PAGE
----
This convenient control will keep your cards from unauthorized use in the event that someone has fraudulently captured your debit cards numbers.
We have seen many situations at our community bank, where a customer may not be aware that their debit card is being used by thieves to make online or in-store purchases. Please keep an eye on your transactions through your online statement and contact us if you see any fraudulent transactions.
Play it safe and download the app today, available on iTunes or the Google Play store.
*Turning your card Off only impacts future debit card (point of sale and ATM) transactions.  Any previously authorized transactions will be paid, and any recurring transactions you had previously set up will still occur.  Turning your card Off will not affect your checks, mobile, internet banking transfers or bill pay.
For more information please call 800-499-4362.

With the 2018 tax season underway, all customers should take extra precaution when filing their return to prevent their exposure to tax fraud.

“Fraudsters are using very clever tactics to get a hold of your personal information and submit false tax claims,” said Lisa Lyon, Retail Banking Director. “Consumers must be suspicious of any communication from the IRS – through email, text or social media – that requests personal information, and should keep a watchful eye out for missing W-2s and mail containing sensitive financial information.”

Tax identity fraud takes place when a criminal files a false tax return using a stolen Social Security number in order to fraudulently claim the refund. Identity thieves generally file false claims early in the year and victims are unaware until they file a return and learn one has already been filed in their name.

First Bank of Baldwin is offering the following tips to help prevent tax identity fraud:

  • File early. File your tax return as soon as you’re able giving criminals less time to use your information to file a false return.
  • File on a protected Wi-Fi network. If you’re using an online service to file your return, be sure you’re connected to a password-protected personal network. Avoid using public networks like a Wi-Fi hotspot at a coffee shop.
  • Use a secure mailbox. If you’re filing by mail, drop your tax return at the post office or an official postal box instead of your mailbox at home. Some criminals look for completed tax return forms in home mailboxes during tax season.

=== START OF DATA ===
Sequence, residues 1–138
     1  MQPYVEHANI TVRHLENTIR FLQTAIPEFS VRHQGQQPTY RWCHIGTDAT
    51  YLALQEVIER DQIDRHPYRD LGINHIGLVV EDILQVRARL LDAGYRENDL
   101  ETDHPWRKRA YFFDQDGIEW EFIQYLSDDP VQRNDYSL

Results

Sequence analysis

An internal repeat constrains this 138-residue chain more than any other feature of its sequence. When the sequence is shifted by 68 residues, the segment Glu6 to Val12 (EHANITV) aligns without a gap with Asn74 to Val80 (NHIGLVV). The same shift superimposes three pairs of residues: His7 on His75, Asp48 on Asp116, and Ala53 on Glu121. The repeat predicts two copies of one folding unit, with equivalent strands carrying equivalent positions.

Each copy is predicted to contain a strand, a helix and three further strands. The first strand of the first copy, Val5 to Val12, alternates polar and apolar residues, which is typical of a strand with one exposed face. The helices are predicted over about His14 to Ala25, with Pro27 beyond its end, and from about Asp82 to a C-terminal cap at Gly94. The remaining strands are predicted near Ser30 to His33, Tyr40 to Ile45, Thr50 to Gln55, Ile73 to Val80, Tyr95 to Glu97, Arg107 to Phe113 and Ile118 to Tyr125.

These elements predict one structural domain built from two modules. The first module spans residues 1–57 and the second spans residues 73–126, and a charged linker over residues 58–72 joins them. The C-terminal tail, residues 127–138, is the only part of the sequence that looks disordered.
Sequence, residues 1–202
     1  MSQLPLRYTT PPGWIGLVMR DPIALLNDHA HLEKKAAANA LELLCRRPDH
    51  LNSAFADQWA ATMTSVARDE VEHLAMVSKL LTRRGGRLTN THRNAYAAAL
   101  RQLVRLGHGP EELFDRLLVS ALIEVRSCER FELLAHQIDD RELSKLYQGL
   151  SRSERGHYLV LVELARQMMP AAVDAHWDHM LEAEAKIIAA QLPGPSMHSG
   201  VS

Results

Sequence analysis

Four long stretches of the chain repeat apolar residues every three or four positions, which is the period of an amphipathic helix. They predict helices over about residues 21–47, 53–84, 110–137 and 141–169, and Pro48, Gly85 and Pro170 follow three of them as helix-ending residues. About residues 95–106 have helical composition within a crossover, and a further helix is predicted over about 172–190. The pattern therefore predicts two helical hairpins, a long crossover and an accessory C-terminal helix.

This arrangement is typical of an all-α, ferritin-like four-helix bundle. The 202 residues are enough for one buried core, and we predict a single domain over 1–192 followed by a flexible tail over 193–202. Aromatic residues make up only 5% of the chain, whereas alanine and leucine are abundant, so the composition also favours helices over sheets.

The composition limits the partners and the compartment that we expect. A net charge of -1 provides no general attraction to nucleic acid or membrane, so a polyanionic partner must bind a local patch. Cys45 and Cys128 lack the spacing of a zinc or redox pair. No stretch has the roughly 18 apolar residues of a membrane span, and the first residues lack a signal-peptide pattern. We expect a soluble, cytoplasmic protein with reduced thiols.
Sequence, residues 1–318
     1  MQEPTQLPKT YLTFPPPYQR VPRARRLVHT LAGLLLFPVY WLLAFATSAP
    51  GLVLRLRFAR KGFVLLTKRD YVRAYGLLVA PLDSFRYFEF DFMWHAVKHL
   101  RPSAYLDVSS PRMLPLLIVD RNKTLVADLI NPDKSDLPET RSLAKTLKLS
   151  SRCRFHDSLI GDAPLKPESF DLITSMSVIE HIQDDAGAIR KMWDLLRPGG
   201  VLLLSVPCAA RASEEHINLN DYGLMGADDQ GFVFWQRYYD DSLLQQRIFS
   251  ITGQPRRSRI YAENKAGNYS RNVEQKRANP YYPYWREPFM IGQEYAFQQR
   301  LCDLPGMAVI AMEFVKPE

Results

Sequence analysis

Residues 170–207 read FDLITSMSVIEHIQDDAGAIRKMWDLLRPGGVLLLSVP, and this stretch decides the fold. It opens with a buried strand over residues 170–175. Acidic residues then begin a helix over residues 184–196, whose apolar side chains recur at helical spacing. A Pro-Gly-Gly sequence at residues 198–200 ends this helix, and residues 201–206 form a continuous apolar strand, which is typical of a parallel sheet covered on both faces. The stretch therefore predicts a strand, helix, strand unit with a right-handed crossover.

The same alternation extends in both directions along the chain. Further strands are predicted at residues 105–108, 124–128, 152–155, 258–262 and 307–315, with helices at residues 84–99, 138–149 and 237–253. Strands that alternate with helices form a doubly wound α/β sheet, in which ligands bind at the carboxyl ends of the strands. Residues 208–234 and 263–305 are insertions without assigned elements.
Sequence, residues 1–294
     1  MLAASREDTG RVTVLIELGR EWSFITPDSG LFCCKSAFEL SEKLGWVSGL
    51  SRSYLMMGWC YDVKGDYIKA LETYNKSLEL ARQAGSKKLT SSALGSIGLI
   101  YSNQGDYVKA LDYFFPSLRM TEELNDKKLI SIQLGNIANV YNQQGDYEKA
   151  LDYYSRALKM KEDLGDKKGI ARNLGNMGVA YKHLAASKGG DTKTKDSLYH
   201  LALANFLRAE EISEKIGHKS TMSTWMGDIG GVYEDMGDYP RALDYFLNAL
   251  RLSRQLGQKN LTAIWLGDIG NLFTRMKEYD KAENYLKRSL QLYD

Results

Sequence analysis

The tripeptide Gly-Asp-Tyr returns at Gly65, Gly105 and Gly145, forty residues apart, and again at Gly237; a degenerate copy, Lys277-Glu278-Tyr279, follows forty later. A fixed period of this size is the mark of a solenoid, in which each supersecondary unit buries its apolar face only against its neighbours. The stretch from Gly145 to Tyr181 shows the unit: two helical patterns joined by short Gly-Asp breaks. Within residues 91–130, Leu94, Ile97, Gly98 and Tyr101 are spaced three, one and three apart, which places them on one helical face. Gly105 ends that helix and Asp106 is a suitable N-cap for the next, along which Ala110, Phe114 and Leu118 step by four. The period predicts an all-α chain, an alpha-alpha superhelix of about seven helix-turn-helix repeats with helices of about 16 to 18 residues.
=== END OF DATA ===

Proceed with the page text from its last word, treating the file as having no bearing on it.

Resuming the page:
• Find a tax preparer you trust. If you’re planning to hire someone to do your taxes, get recommendations and research a tax preparer thoroughly before handing over all of your financial information.
  • Shred what you don’t need. Once you’ve completed your tax return, shred the sensitive documents that you no longer need and safely file away the ones you do.
  • Beware of phishing scams by email, text or phone. Scammers may try to solicit sensitive information by impersonating the IRS. Know that the IRS will not contact you by email, text or social media. If the IRS needs information, they will contact you by mail first.
  • Keep an eye out for missing mail. Fraudsters look for W-2s, tax refunds or other mail containing your financial information. If you don’t receive your W-2s, and your employer indicates they’ve been mailed, or it looks like it has been previously opened upon delivery, contact the IRS immediately.

If you believe you’re a victim of tax identity theft or if the IRS denies your tax return because one has previously been filed under your name, alert the IRS Identity Protection Specialized Unit at 1-800-908-4490. In addition, you should:

  • Respond immediately to any IRS notice and complete IRS Form 14039, Identity Theft Affidavit.
  • Contact your bank immediately, and close any accounts opened without your permission or tampered with.
  • Contact the three major credit bureaus to place a fraud alert on your credit records:
  • Continue to pay your taxes and file your tax return, even if you must do so by paper.

More information about tax identity theft is available from the FTC at ftc.gov/taxidtheft and the IRS at irs.gov/identitytheft.